BALTIMORE, MD-March 29: Jay Caragay brews coffee several methods in his shop Spro Coffee. from left to right, they are named by the method of brewing, French Press, Clever, Chemex and Eva Solo. FOOD SECTION: Profile cover story on Jay Caragay, owner of Spro Coffee in Baltimore, Maryland on March 29, 2011. (Photo by Marvin Joseph/The Washington Post)
This French press, on the left, is not big enough for all the Nats’ coffee enthusiasts. (Marvin Joseph/The Washington Post)

SAN DIEGO — On the top shelf of Chris Heisey’s Nationals Park locker, which is filled with all the usual baseball accoutrements, sits a sleek silver cylinder, too shiny and smooth for this world of dirt and dust and daily grime. Nearby, one usually finds a bag of specialty coffee beans, dropped off by a teammate or picked up from an intriguing little coffee shop in an unfamiliar city. Those beans do not usually last very long.

Heisey, who made the roster out of spring training and has contributed pinch-hit homers and glue for the clubhouse since, has become the unofficial master of the French press, and many of his teammates are hooked. Stephen Drew bought one, too, when what Heisey’s could produce was just not enough.

“Some guys don’t drink coffee. I don’t think they’re non-believers; they just don’t like the taste of coffee,” Heisey said. “But most guys try it. Now, they’ll yell at me, ‘Where’s the French press?’ I say, ‘All right, guys, I’ll get it.'”

The story of how a French press made its way into the realm of Gatorade coolers began last fall, after Heisey spent most of the 2015 season in Class AAA: with Buffalo in the Blue Jays’ organization, and Oklahoma City in the Dodgers’. He and his family took his mother to a lake house for her 60th birthday, and his sister brought a French press along.

“I was like, man, this is the best coffee I’ve ever tasted,” Heisey said. “She bought me a French press. All winter, I made a French press pretty much every morning.”

Heisey arrived in spring training as a non-roster invitee, having played for Manager Dusty Baker in Cincinnati. He befriended fellow non-roster invite Reed Johnson, the gregarious veteran outfielder who was one of the last players cut — one of Baker’s hardest cuts, he said later. They were talking in the outfield during stretching one day when it came up.

“He was like, ‘Dude, we gotta get one for the clubhouse,’ ” Heisey said. “So he and I went to Target and bought a French press and a coffee grinder.”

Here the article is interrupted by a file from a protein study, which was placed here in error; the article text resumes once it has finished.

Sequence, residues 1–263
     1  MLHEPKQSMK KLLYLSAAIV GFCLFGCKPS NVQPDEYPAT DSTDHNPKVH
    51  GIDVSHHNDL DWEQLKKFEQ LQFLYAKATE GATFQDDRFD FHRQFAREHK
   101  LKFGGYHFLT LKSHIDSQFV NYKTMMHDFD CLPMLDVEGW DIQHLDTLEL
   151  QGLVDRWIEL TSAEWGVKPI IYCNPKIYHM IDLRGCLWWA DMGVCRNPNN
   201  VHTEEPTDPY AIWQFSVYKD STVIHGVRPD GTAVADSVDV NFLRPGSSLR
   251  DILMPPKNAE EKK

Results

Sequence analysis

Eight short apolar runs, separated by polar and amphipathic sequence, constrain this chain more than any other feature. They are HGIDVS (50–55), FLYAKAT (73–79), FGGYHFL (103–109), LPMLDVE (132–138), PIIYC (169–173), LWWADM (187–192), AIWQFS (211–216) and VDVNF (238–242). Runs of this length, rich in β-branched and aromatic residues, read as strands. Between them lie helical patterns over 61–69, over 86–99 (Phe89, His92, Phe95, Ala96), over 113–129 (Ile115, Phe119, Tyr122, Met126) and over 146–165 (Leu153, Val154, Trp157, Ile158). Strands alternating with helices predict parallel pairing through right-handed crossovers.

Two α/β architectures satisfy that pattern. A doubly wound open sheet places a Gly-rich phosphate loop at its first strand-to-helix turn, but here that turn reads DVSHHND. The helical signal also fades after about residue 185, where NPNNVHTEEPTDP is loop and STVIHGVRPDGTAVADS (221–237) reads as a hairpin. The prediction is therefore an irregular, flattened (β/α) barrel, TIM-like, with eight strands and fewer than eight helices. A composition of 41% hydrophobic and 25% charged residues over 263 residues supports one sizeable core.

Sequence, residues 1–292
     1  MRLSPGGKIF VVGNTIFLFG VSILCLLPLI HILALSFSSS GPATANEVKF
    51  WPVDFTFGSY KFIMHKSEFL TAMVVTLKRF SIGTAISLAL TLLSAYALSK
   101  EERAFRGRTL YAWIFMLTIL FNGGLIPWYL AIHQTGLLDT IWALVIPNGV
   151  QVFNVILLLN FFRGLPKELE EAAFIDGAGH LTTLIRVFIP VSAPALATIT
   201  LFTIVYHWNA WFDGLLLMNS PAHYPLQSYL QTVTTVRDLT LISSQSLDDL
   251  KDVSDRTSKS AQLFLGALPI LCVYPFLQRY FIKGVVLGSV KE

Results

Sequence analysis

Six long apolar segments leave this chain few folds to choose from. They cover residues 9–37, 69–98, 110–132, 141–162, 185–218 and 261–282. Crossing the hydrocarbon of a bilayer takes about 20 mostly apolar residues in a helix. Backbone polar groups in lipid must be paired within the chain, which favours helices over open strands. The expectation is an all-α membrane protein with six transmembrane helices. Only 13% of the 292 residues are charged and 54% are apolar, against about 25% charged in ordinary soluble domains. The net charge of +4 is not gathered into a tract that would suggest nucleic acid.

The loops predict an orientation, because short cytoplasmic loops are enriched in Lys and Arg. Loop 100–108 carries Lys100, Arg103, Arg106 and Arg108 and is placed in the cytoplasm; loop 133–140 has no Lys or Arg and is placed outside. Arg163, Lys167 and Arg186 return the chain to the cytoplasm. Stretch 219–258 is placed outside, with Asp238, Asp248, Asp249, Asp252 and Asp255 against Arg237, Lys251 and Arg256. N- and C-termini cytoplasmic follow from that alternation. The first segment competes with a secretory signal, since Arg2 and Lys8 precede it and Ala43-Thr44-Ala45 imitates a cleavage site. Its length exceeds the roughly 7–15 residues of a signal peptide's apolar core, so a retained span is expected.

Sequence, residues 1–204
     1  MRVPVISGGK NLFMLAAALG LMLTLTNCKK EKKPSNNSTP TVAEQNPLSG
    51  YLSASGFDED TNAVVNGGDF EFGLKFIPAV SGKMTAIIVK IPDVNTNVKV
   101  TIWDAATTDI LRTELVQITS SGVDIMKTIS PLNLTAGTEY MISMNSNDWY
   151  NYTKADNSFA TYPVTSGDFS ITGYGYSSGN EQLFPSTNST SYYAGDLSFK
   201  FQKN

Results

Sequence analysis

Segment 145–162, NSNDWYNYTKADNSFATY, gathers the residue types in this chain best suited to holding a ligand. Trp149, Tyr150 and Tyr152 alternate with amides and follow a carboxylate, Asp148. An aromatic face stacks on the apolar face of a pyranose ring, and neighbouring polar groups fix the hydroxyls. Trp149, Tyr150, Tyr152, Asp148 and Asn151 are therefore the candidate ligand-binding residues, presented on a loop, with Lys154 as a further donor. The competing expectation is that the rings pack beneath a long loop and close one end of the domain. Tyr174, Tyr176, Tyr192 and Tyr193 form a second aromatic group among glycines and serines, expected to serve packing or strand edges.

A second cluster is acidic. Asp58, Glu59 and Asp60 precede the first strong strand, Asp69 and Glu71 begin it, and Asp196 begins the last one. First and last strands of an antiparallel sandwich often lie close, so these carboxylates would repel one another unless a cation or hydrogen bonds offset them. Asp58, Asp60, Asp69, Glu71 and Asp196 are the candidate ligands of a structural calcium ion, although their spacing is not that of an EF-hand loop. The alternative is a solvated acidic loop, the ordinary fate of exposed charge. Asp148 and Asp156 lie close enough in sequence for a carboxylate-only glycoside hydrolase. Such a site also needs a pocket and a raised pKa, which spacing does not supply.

They kept it at Johnson’s house, where they met every morning to make coffee before workouts began. When the season began, Heisey decided he needed one in the clubhouse, so he brought it in.

“I think the first couple nights that I took it out for the game on the bench, we won,” Heisey said. “I know I was giving Dusty a cup, and then one day I forgot. He was like, ‘Dude! Where was my coffee today!?’ It was kind of like, ‘Man, we need the French press!’ I feel like instead of taking energy drinks, they just drink coffee before the game.”

He and Drew are the unofficial supervisors of the French press production. Drew got involved when he tired of running back and forth to the single-cup coffee maker in the clubhouse. When Heisey’s press was not providing enough coffee for all those consuming it, Drew bought a bigger one.

“We don’t put anything in it. It’s just straight black,” Drew said. “Everybody started getting it. It really is a taste. Once you get used to it, you don’t want anything else.”

Heisey estimates that the Nationals have tried 15 or more different types of beans. Jonathan Papelbon, another strong proponent of the French-press coffee, ordered a bunch of beans online and had them shipped to U.S. Cellular Field when the Nationals were there earlier this month.

At one point he stopped Danny Espinosa as he reached for a normal coffee pot. Papelbon handed him a green styrofoam Gatorade cup and poured out what was left in the French press.

“You think their coffee is stronger than normal coffee?” Espinosa asked Anthony Rendon, repeating a question he had just been asked. Rendon was one of those who hadn’t tried it.

“Stronger-tasting,” Espinosa decided, without a second opinion. “I don’t know about caffeine. It’s a bolder roast. It’s really good.”

That same day, a few minutes after Espinosa chose the French press, Clint Robinson opted for the normal coffee pot.

“Too bitter,” Robinson said. “I couldn’t get it down.”

The French press coffee, it seems, is an acquired taste. Thanks to two of their most productive contributors off the bench, though, these Nationals have acquired it — and with it, though perhaps not related to it, a firm hold on first place in the National League East.